Joc Pederson’s Chicago Cubs had their petty fun torturing the Los Angeles Dodgers this week, recording a three-game sweep at Wrigley Field, which marked the first time Los Angeles has been swept in a series of any length since early 2019.
This wasn’t your average, run-of-the-mill sweep, either. Every game was uniquely painful.
Tuesday’s doubleheader opened with Clayton Kershaw getting smacked and removed in the first inning, while the nightcap featured a game-tying Max Muncy shot off Craig Kimbrel in the seventh, a two-run lead in the eighth and … no victory.
And Wednesday? Wednesday was a rerun of Game 2’s shenanigans.
The Dodgers held a 3-2 lead entering the bottom of the eighth, but Blake Treinen couldn’t hold down the fort, as Pederson scored the tying run on a Javier Baez grounder.
In the 10th, with the aid of the automatic runner, Los Angeles took another lead … only to see Kenley Jansen serve up the tying run once more, which scored on a Joc Pederson shot to deep right.
Pederson flipped his bat with authority as the ball nestled itself … into the webbing of Mookie Betts’ glove. Clearly, the ex-Dodger was extremely ready to toss his bat against his former team, and certainly believe he had added a walk-off dinger to his resumé.
Former Dodgers OF Joc Pederson (and current Cub) bat-flipped a fly out to right.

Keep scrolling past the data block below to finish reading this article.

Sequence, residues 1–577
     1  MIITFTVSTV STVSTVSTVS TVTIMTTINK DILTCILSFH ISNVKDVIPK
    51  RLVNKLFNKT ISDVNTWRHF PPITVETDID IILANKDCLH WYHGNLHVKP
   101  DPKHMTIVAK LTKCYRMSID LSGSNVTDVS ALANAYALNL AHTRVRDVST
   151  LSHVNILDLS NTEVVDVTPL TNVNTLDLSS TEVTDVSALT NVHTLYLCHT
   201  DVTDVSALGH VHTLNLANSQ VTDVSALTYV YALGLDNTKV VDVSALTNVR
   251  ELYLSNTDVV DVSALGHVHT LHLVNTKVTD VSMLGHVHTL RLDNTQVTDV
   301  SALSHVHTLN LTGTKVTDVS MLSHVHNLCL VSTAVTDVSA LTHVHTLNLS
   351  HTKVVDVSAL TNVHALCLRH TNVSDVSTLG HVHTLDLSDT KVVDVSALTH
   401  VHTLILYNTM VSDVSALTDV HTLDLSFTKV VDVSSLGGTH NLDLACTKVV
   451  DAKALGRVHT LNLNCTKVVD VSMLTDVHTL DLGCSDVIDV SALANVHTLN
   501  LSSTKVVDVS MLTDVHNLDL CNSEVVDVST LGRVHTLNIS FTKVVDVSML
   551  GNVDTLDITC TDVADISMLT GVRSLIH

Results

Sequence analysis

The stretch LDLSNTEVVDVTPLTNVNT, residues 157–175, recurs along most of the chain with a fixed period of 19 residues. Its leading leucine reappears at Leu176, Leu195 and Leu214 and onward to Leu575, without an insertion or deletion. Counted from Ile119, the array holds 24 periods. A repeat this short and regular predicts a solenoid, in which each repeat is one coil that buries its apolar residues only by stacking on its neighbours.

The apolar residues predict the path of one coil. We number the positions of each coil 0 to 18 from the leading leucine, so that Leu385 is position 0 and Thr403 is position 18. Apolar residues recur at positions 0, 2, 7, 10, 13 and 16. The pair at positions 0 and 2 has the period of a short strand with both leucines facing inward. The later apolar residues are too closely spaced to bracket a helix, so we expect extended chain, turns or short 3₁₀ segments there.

Was there a message behind this madness? Who knows, but plenty of emotion was certainly involved for the 29-year-old Pederson, who was both squeezed out of Los Angeles this offseason and has struggled and battled injuries since joining the Cubs.
Naturally, Pederson’s return to the diamond came this week of all weeks, and though it seemed like the worst-case scenario for both parties entering the series, the lefty masher came out on top of his former team, bat flip misjudgment excluded.
There’s no doubt Pederson wore his emotions on his sleeve for Wednesday’s contest, and it might’ve made him a little jumpy — or, as the Cubs put it, Pederson was a “mood” throughout the week.
Now that this horrifying series is over, the Dodgers travel to … Anaheim, where they’ll encounter the best player in baseball and an inter-state rival looking to nip at their heels.
Maybe the day off will do them good, because when you’re losing, it truly feels like everyone is your juiced-up enemy.